Pacific Fleet Submarine Museum tells story of Navy submarining
By Craig T. Kojima |
February 16, 2021
| Updated on February 17, 2021 at 12:30 am
Chuck Merkel, executive director, stands next to a submarine torpedo. The Pacific Fleet Submarine Museum, a $20 million, 13,000-square-foot USS Bowfin submarine museum, opened Monday with a new name and striking look that charts the course of Navy undersea duty from the loss of the F4’s 21 hands off Honolulu in 1915 up through the newest $6.5 billion Columbia-class ballistic missile submarines.
James and Asha Pumarada, visted the Pacific Fleet Submarine Museum with family members on Tuesday.
An early photo shows the crew of the USS Bowfin.
Leighton, left and Reed Schwab, visiting from Seattle, play on a submarine.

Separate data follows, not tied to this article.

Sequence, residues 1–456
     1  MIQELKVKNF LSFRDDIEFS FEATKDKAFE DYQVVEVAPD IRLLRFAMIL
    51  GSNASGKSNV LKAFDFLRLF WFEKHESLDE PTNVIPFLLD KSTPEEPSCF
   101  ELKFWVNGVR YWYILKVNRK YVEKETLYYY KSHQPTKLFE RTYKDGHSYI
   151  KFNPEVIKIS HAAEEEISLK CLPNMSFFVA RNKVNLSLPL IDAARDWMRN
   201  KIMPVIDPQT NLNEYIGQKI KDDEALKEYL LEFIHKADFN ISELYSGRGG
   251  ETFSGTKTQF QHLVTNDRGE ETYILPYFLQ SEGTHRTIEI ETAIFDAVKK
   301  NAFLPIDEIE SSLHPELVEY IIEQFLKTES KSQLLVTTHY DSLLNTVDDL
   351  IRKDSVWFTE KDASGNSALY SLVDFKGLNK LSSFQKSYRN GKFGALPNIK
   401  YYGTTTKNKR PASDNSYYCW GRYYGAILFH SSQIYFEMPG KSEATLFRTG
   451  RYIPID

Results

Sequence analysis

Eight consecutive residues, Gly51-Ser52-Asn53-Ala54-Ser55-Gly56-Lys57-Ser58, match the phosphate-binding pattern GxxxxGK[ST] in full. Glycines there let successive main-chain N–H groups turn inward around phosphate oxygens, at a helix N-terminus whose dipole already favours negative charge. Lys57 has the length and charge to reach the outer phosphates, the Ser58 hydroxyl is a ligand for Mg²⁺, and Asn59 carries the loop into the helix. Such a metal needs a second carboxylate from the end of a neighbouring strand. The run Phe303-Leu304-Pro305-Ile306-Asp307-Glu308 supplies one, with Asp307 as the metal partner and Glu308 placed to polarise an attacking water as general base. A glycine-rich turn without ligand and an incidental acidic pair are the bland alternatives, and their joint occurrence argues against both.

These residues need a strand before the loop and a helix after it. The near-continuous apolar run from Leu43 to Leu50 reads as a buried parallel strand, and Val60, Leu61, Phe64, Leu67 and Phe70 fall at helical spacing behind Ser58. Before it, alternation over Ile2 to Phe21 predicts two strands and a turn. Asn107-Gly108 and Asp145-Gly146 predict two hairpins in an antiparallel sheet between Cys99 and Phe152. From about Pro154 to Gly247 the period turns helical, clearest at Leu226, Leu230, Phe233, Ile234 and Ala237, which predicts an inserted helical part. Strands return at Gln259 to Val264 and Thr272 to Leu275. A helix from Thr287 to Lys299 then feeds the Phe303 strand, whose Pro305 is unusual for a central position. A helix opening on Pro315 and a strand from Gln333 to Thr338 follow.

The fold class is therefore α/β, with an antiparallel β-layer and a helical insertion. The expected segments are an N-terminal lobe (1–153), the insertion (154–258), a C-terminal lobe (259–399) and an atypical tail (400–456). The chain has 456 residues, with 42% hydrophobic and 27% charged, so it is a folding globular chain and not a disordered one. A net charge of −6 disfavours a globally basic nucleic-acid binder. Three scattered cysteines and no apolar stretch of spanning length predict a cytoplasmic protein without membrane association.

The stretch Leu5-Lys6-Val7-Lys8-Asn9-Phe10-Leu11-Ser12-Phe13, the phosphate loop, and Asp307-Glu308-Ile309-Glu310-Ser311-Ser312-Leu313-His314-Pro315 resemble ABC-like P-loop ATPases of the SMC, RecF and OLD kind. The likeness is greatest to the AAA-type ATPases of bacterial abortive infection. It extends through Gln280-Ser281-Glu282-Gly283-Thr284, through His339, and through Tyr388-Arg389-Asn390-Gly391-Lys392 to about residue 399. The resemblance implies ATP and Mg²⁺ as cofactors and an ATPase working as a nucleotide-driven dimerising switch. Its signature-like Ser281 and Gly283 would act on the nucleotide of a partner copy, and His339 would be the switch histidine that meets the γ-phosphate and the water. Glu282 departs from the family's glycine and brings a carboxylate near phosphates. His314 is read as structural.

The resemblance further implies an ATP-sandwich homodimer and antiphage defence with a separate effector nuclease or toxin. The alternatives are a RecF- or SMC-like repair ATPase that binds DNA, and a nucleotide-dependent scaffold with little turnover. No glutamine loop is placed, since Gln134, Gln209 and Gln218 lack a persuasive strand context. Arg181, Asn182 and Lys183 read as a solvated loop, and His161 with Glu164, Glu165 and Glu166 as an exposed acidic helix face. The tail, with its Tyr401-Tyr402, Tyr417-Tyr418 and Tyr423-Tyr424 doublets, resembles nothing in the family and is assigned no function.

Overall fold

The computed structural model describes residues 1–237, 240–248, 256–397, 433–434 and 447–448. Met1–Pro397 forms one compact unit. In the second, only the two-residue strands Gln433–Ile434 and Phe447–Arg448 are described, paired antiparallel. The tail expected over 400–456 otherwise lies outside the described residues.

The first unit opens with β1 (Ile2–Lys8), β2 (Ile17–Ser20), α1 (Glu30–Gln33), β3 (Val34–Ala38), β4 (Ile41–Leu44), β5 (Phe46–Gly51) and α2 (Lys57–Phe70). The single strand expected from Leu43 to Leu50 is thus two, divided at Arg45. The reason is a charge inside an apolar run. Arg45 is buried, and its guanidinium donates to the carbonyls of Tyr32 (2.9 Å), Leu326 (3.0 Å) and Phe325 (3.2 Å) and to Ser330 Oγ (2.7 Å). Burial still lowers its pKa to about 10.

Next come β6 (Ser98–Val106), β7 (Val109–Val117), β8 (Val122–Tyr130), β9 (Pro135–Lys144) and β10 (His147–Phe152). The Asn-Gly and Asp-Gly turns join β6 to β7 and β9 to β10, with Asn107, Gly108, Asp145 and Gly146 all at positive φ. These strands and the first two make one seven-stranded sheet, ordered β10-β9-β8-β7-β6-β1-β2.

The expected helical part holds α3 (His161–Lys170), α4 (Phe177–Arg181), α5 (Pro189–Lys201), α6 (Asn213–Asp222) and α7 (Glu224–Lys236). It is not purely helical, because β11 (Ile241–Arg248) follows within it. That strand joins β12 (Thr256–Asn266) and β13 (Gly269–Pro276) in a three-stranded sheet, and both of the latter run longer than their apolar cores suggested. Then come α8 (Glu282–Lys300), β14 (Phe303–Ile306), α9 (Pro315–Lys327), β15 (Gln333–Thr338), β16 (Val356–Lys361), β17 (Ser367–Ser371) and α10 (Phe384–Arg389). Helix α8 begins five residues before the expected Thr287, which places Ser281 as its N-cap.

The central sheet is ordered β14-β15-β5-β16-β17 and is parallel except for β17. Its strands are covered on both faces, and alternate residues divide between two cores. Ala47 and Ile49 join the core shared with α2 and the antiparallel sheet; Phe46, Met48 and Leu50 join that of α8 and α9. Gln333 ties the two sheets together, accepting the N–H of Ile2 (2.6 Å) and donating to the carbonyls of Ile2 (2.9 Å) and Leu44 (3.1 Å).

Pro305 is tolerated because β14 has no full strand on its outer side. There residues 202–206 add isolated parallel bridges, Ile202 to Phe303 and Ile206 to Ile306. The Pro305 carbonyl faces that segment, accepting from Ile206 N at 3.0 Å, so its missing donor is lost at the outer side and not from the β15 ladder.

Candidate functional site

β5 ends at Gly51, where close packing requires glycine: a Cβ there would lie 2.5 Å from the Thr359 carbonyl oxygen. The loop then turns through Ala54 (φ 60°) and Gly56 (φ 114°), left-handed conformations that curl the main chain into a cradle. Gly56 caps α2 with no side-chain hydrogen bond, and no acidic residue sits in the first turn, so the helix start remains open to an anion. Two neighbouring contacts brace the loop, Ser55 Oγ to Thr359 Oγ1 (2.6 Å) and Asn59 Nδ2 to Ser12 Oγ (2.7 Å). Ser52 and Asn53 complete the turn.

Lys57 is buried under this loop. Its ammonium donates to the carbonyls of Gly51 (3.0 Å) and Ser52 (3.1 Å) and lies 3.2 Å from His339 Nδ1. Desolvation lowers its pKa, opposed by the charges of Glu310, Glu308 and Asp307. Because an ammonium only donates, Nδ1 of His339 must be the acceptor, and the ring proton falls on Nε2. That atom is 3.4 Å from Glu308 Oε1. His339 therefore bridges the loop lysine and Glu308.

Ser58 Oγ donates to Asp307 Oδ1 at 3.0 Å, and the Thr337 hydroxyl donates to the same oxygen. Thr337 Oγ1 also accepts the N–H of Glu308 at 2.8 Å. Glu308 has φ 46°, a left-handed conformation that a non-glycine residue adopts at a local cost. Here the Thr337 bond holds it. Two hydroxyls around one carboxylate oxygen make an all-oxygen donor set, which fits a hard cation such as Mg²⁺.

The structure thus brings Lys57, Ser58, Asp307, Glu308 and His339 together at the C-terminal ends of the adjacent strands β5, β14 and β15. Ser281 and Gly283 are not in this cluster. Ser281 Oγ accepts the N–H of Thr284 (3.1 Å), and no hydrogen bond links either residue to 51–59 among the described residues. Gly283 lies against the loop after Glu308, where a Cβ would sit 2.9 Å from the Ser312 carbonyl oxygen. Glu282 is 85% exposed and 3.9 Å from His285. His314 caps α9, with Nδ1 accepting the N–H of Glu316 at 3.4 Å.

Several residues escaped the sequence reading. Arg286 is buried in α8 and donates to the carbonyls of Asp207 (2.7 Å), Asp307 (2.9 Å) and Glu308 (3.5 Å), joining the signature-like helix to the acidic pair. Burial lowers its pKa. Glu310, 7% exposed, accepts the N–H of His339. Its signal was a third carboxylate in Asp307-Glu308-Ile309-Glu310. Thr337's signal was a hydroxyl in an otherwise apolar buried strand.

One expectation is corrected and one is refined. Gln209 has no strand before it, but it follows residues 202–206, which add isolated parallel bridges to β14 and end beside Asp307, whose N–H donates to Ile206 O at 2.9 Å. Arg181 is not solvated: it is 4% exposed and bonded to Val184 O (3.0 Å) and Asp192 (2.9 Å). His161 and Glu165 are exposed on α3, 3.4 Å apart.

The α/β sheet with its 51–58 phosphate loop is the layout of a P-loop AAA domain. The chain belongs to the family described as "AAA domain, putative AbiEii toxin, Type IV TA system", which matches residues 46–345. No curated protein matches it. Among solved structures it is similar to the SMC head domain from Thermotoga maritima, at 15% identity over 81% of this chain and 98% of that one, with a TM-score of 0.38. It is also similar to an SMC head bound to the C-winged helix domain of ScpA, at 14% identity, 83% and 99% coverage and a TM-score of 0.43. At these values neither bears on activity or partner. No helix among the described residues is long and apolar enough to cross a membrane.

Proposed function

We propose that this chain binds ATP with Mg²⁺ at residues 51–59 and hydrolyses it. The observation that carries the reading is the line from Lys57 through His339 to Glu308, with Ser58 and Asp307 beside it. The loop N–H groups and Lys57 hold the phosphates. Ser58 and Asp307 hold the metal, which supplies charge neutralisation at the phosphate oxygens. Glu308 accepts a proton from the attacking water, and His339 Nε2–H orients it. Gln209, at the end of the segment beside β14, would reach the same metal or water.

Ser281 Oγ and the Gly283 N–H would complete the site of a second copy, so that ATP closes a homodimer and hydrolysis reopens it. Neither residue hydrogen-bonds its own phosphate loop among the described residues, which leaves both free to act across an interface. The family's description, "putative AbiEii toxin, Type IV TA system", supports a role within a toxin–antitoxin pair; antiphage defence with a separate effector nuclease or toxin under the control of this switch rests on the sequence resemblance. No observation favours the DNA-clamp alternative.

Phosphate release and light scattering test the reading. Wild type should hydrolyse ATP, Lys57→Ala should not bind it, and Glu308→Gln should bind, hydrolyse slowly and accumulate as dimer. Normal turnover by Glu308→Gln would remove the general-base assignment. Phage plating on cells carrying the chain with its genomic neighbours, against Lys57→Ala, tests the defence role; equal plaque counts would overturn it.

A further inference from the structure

A model of the USS Bowfin is on display.
Tate Struve and son, Hunter Struve, from Wisconsin, celebrated the younger Struve’s birthday on a mock-up of a control room of a submarine. In the background is a Poseidon C-3 warhead.
Charles Hinman, left, education director, and Sarah Bellian, curator, are shown with educational exhibits at the Pacific Fleet Submarine Museum.
The Pacific Fleet Submarine Museum reflects the goal of telling the wider story of Navy submarining beyond the resident Bowfin, nicknamed the “Pearl Harbor Avenger.”